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November 22, 2017
Amy Alipio
Olney Theatre Center
2001 Olney-Sandy Spring Road
Olney, MD 20832
Average: 5 (1 vote)

Together at last: Annie and Olney Theatre Center. The beloved musical about a certain curly-haired orphan runs through December 31, making it a no-brainer for the whole family to attend as a holiday outing.

Some kids might be a little disappointed that this isn’t based on the updated 2014 film version starring Jamie Foxx and Quvenzhané Wallis (cough, like my five year old, cough cough). But other kids and adults might appreciate that Olney’s Annie goes back to the roots of the musical. This is a traditional take on the play, except for the use of non-traditional casting.

Annie at Olney Theatre

The setting is 1933 New York City, a time of the Marx Brothers and Fred Astaire and Ginger Rogers, but also an era of Hoovervilles and breadlines. A slideshow of black-and-white scenes starts off the show, providing real-life context to the music-filled fantasy that follows.

The play shines brightest whenever its orphan ensemble is on stage. They are a lively, in-your-face, tightly choreographed group of girls. Not to mention incredibly talented. They nail the opening number “It’s the Hard Knock Life,” which you seriously cannot stop humming for days after you’ve seen the show.

Vivian Poe played Annie during the performance my kids and I saw (Nicole Allison plays Annie during most performances), and she was lovely - with a beautiful clear voice and a genuine smile - and she’s a real pro as well. When her dog Sandy headed into the wings before his cue, Vivian just chased after him and brought him back on stage, never missing a beat and finishing off her song totally unruffled-looking. Everyone loves that there’s a dog in the show, but I’m sure it can make for unexpected moments for actors.

Annie at Olney Theatre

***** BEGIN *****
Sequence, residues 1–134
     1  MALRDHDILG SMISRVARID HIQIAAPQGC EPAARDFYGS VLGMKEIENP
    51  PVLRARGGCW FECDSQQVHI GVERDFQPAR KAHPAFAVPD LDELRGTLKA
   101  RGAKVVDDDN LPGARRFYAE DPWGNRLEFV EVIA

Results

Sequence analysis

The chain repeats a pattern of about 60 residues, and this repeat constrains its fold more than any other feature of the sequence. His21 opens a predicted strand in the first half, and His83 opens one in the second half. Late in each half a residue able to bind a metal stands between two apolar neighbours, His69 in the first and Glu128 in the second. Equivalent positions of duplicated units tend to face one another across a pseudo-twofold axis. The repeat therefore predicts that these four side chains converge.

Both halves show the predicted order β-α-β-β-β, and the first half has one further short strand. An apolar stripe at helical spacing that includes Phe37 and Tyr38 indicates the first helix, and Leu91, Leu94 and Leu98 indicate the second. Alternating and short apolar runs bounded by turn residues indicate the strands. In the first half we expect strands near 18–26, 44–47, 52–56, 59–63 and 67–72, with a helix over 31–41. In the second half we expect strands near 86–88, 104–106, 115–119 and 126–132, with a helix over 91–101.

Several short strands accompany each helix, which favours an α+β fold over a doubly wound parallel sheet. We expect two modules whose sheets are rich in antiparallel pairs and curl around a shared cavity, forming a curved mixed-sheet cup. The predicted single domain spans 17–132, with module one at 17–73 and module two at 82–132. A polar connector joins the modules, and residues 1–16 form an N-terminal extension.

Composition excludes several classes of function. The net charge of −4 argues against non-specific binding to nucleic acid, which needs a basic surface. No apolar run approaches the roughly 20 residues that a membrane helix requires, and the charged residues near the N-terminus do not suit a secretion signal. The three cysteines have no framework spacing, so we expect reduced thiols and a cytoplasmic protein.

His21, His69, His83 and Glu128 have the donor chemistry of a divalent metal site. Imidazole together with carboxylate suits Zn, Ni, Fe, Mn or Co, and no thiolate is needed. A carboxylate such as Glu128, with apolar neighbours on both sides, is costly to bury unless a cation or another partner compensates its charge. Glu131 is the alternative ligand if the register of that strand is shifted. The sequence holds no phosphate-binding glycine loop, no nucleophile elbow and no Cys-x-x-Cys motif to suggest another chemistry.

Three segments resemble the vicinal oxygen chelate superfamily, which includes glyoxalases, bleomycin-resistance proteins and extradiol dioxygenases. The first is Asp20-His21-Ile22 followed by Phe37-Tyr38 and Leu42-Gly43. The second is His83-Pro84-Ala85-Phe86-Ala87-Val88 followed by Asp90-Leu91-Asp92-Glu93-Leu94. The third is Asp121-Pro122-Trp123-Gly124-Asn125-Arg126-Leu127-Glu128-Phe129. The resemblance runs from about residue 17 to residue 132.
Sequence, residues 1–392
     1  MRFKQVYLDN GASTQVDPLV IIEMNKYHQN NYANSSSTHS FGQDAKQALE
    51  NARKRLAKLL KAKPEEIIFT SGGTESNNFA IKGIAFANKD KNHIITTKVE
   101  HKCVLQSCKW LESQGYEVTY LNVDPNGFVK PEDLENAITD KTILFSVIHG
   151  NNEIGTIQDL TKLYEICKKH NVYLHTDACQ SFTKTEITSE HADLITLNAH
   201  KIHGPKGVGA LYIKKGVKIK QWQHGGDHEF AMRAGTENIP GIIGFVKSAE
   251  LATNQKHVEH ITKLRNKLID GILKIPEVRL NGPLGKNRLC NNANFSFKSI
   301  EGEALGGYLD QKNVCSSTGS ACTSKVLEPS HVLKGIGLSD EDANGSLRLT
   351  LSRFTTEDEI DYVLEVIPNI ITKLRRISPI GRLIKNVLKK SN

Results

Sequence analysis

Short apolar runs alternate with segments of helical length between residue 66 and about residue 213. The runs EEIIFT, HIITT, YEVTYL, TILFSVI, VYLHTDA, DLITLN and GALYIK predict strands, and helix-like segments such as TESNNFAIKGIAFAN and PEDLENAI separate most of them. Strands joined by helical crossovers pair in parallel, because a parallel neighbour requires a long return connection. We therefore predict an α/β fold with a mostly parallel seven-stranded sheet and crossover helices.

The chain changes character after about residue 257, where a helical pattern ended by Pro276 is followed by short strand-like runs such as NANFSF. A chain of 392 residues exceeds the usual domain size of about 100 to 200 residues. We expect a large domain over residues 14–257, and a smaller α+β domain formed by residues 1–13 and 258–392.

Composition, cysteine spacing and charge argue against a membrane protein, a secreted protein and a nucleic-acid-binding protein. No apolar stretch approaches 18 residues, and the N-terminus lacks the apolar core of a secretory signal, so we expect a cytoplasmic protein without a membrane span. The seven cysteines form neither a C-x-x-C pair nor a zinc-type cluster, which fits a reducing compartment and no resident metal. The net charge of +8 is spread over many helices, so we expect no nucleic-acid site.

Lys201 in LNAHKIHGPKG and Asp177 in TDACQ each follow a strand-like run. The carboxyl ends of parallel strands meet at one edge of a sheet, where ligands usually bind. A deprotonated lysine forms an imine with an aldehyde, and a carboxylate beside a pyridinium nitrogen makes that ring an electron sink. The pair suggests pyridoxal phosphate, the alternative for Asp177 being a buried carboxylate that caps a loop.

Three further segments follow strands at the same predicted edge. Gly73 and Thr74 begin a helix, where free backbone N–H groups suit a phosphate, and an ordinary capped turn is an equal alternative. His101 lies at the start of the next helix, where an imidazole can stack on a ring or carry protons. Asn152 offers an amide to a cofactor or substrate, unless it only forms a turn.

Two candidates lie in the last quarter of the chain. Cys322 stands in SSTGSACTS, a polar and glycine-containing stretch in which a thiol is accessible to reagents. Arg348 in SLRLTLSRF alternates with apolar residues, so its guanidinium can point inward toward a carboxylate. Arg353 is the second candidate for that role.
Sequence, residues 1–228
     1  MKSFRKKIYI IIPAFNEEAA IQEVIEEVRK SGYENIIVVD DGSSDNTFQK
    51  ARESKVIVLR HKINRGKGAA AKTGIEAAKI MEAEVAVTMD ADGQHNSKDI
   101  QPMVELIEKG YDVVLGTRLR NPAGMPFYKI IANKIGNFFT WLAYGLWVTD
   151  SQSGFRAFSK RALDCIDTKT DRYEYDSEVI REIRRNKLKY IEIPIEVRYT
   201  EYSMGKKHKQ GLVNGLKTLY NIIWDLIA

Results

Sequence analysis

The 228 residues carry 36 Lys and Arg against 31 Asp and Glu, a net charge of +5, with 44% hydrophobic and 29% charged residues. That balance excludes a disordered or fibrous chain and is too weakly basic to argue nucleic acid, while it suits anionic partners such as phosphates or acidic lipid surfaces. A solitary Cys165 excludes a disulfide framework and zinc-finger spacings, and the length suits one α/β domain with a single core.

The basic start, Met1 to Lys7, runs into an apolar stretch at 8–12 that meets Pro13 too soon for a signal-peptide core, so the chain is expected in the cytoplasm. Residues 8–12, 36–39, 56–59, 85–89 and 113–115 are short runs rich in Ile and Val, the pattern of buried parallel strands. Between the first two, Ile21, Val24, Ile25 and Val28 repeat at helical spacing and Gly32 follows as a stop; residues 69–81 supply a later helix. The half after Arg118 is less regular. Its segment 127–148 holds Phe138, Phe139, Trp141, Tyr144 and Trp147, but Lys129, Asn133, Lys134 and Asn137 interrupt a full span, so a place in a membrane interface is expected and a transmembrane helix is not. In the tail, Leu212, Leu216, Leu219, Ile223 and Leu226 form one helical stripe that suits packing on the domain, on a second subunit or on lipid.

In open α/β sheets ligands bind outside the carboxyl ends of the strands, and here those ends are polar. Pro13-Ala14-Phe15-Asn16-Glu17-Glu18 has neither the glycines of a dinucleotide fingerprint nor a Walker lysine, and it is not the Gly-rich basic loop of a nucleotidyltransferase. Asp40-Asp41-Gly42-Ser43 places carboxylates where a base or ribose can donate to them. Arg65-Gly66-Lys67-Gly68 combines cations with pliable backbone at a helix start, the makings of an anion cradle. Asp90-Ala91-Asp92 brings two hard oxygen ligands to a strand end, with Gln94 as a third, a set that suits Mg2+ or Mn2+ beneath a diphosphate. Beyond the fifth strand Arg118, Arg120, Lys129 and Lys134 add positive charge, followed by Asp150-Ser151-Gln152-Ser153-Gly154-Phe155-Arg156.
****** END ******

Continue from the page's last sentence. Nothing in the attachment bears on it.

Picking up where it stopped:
The orphans live in a foster home run by the hard-drinking Miss Hannigan. She doesn’t come off as over-the-top nasty as other Miss Hannigans I’ve seen. You feel a little sorry for her.

Annie escapes the home to look for her parents, who have left her in foster care with half of a silver locket and a note saying they would return to get her and restore the full locket. She visits a Hooverville shanty town, which she manages to transform with her positivity. But she is caught and returned to Miss Hannigan’s, only to have Grace Farrell, secretary to billionaire Oliver Warbucks, choose her to come live with Warbucks for two weeks for the holidays. Though he is gruff and grouchy, Warbucks is almost immediately taken with Annie, and vice versa. I know, none of this makes sense, but just go with it.

He wants to adopt her but she insists her real parents are out there somewhere. So he uses his considerable influence to help her in her search - including roping in President Franklin D. Roosevelt. In one of the funniest scenes, Annie showers positivity over his glum and beleaguered cabinet at the White House and soon has them all singing “Tomorrow.”

Annie at Olney Theatre

Warbucks also offers a sizeable reward, and this gets Miss Hannigan’s conman brother Rooster scheming. He and his girlfriend pose as Annie’s parents so they can claim the money. Only they know about the silver locket.

But the truth is revealed, the New Deal is launched, Daddy Warbucks and Grace get together, and Christmas is especially merry for the orphan girls who get to spend the holiday at the Warbucks mansion. Yes, Annie makes you suspend your disbelief - and cynicism - and that might be this production’s best holiday gift of all.


  • Annie runs through December 31. The show runs about 2 hours and 30 minutes, with one 15-minute intermission. Shows are Wednesday to Saturday at 8 p.m.; matinees on Wednesday, Saturday, and Sunday at 2 p.m. There are additional performances on November 24 at 2 p.m., December 22 at 2 p.m., and December 26 at 8 p.m.
  • Tickets begin at $47, with discounts for groups, seniors, military, and students.
  • There is free parking onsite. Drinks and snacks can be bought in the lobby: drinks are allowed in the auditorium.
  • There is some use of the word “damn” in the play and Miss Hannigan drinks but otherwise there’s nothing objectionable in the play.

Photos: Stan Barouh

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